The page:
Publications


Attribute-based Credentials for Trust
- Identity in the Information Society

Editors: Kai Rannenberg, Jan Camenisch, Ahmad Sabouri
ISBN: 978-3-319-14438-2 (Print) 978-3-319-14439-9 (Online)

Contributed to Chapter 7 - Technical Implementation and Feasibility

Gert Læssøe Mikkelsen | Kasper Damgård | Hans Guldager | Jonas Lindstrøm Jensen | Jesus Garcia Luna | Janus Dam Nielsen | Pascal Paillier | Giancarlo Pellegrino | Michael Bladt Stausholm | Neeraj Suri | Heng Zhang

Integrating and trialling Attribute-based Credentials on Smartcards for building trust The ABC4Trust project


Ahmad Sabouri | Jonas Lindstrøm Jensen | Kasper Lyneborg Damgård | Janus Dam Nielsen | Kai Rannenberg

24. SIT-Smartcard Workshop - Keynote

Along with the convenience that came with the penetration of electronic transactions and services into our everyday life, new security and privacy threats have been emerging. The necessity of employing privacy-preserving technologies in order to avoid online surveillance is getting more and more atten-tion. In this regard, the EU project ABC4Trust has been the pioneer to deploy the first ever trial of Privacy Preserving Attribute-based Credentials (Privacy-ABCs) in real life environment. In this paper, we provide an overview of the state of ABC4Trust’s work in the design and development of the ABC4Trust architecture as well as the integration of smartcards into the deployed pilots.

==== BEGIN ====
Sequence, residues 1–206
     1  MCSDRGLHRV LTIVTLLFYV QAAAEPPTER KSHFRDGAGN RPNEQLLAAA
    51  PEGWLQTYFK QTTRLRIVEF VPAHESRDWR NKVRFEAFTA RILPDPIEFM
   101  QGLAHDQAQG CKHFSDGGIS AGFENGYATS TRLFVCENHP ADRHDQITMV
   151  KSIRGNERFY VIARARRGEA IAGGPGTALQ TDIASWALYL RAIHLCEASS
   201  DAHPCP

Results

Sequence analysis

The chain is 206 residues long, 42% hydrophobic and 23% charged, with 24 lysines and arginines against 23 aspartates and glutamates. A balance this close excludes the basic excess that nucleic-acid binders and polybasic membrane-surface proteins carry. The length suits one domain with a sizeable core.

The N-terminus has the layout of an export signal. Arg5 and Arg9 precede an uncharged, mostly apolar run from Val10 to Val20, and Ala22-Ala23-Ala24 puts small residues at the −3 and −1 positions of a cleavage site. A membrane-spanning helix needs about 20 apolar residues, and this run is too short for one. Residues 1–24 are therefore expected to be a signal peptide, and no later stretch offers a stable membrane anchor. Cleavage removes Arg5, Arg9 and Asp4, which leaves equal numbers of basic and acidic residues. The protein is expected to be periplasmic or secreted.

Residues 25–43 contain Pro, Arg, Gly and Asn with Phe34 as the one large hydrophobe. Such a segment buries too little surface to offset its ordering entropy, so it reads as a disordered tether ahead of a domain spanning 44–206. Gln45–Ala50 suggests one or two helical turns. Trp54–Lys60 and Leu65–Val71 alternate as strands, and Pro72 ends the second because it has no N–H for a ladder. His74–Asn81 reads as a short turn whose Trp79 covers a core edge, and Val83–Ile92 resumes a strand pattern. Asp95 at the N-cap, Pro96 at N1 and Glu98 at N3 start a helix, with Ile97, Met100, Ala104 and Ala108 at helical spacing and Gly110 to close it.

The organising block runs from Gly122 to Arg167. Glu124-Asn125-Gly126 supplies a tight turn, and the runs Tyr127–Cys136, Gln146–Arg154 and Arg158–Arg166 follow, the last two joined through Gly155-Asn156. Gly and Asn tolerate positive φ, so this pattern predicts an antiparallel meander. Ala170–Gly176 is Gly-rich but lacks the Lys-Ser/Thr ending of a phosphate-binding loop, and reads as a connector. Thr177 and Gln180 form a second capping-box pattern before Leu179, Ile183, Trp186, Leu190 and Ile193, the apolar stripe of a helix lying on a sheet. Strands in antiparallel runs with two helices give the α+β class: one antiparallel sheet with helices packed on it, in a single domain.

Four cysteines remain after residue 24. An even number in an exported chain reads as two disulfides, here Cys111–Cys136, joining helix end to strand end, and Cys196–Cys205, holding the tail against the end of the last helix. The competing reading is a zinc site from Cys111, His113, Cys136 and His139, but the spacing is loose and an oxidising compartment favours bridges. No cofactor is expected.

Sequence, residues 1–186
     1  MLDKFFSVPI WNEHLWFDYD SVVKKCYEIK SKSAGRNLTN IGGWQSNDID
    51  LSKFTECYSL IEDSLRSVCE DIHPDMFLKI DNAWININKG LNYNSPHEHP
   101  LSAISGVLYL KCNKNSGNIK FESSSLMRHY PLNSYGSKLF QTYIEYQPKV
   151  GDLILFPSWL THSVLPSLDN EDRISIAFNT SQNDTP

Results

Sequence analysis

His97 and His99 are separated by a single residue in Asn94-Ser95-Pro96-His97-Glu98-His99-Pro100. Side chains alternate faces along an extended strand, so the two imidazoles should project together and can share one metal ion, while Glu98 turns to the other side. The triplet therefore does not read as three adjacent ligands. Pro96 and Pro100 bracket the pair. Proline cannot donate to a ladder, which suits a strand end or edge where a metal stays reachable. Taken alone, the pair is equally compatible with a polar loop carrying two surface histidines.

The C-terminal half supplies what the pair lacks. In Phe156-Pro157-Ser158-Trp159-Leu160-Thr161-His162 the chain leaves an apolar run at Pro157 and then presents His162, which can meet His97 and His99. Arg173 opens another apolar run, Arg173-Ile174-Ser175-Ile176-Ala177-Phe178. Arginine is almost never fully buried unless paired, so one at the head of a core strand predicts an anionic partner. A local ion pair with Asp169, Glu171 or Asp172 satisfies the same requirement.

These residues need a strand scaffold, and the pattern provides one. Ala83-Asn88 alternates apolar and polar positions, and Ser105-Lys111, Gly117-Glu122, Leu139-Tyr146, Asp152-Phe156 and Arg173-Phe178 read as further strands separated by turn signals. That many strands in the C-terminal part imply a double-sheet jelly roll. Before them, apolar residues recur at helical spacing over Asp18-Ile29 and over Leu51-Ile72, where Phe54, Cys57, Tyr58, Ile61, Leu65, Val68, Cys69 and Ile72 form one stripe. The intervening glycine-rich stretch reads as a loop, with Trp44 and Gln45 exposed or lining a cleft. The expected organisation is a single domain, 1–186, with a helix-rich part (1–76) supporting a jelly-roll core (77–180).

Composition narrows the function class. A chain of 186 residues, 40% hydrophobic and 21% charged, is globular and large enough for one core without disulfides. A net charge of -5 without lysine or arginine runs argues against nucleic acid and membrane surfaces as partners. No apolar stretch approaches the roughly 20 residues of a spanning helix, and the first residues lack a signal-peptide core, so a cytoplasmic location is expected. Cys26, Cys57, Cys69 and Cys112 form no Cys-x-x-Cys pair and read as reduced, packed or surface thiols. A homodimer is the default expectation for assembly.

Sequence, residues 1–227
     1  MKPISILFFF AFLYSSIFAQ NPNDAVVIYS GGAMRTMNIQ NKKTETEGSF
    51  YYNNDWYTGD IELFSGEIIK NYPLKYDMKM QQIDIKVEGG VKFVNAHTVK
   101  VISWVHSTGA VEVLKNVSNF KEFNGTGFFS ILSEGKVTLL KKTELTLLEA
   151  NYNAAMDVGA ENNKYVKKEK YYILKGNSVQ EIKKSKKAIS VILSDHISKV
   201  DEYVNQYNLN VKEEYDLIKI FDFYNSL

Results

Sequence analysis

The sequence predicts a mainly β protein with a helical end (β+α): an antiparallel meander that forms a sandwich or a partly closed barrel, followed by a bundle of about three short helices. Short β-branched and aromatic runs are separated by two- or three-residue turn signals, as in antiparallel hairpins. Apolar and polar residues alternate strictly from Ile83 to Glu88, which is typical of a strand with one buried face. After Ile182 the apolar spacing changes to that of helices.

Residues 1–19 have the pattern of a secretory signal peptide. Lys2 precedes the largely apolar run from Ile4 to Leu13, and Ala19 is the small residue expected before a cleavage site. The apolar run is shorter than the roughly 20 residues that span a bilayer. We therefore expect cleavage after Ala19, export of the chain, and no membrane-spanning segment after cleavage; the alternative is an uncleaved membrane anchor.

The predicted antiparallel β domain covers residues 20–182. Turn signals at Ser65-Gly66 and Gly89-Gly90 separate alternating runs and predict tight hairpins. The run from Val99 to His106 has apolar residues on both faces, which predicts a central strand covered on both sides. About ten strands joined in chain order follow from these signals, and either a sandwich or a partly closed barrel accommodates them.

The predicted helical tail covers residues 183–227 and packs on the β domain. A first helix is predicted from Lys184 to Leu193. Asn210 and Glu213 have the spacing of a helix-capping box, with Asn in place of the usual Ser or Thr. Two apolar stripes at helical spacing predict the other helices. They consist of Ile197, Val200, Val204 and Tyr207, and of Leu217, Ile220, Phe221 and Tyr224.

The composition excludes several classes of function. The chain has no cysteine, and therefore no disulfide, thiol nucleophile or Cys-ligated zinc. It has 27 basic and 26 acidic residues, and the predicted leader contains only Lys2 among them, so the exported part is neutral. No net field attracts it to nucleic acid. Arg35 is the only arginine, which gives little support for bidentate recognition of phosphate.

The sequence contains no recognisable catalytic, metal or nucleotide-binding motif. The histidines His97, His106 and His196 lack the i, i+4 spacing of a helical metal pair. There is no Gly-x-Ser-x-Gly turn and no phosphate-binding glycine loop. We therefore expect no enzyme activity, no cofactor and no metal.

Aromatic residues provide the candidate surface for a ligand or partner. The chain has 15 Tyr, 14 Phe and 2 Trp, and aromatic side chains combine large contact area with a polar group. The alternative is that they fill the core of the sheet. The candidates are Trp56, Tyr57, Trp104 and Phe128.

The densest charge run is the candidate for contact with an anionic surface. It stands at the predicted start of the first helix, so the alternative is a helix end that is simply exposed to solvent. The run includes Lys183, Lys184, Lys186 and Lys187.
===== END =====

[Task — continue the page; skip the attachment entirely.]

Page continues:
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Location Privacy via Actively Secure Private Proximity Testing

Janus Dam Nielsen | Jakob Illeborg Pagter | Michael Bladt Stausholm

SESOC 2012

We present a solution which improves the level of privacy possible in location based services (LBS). A core component of LBS is proximity testing of users. Alice wants to know if she is near to Bob (or generally some location). The presented solution support private proximity testing and is actively secure meaning it prevents a number of attacks possible in existing protocols for private proximity testing. We demonstrate that the improved security provided only implies a factor of two penalty on execution time compared to an existing passively secure protocol.
We also provide a security analysis and discuss the relevance of secure multiparty computation for location based services.

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Efficient Implementation of the Orlandi Protocol

Thomas P. Jakobsen | Marc X. Makkes | Janus Dam Nielsen

ACNS 2010

We present an efficient implementation of the Orlandi protocol which is the first implementation of a protocol for multiparty computation on arithmetic circuits, which is secure against up to $n-1$ static, active adversaries. An efficient implementation of an actively secure self-trust protocol enables a number of multiparty computation where one or more of the parties only trust himself. Examples includes auctions, negotiations, and online gaming. The efficiency of the implementation is largely obtained through an efficient implementation of the Paillier cryptosystem, also described in this paper.

PDF | Bibtex | Presentation

Efficient Implementation of the Orlandi Protocol Extended Version

Thomas P. Jakobsen | Marc X. Makkes | Janus Dam Nielsen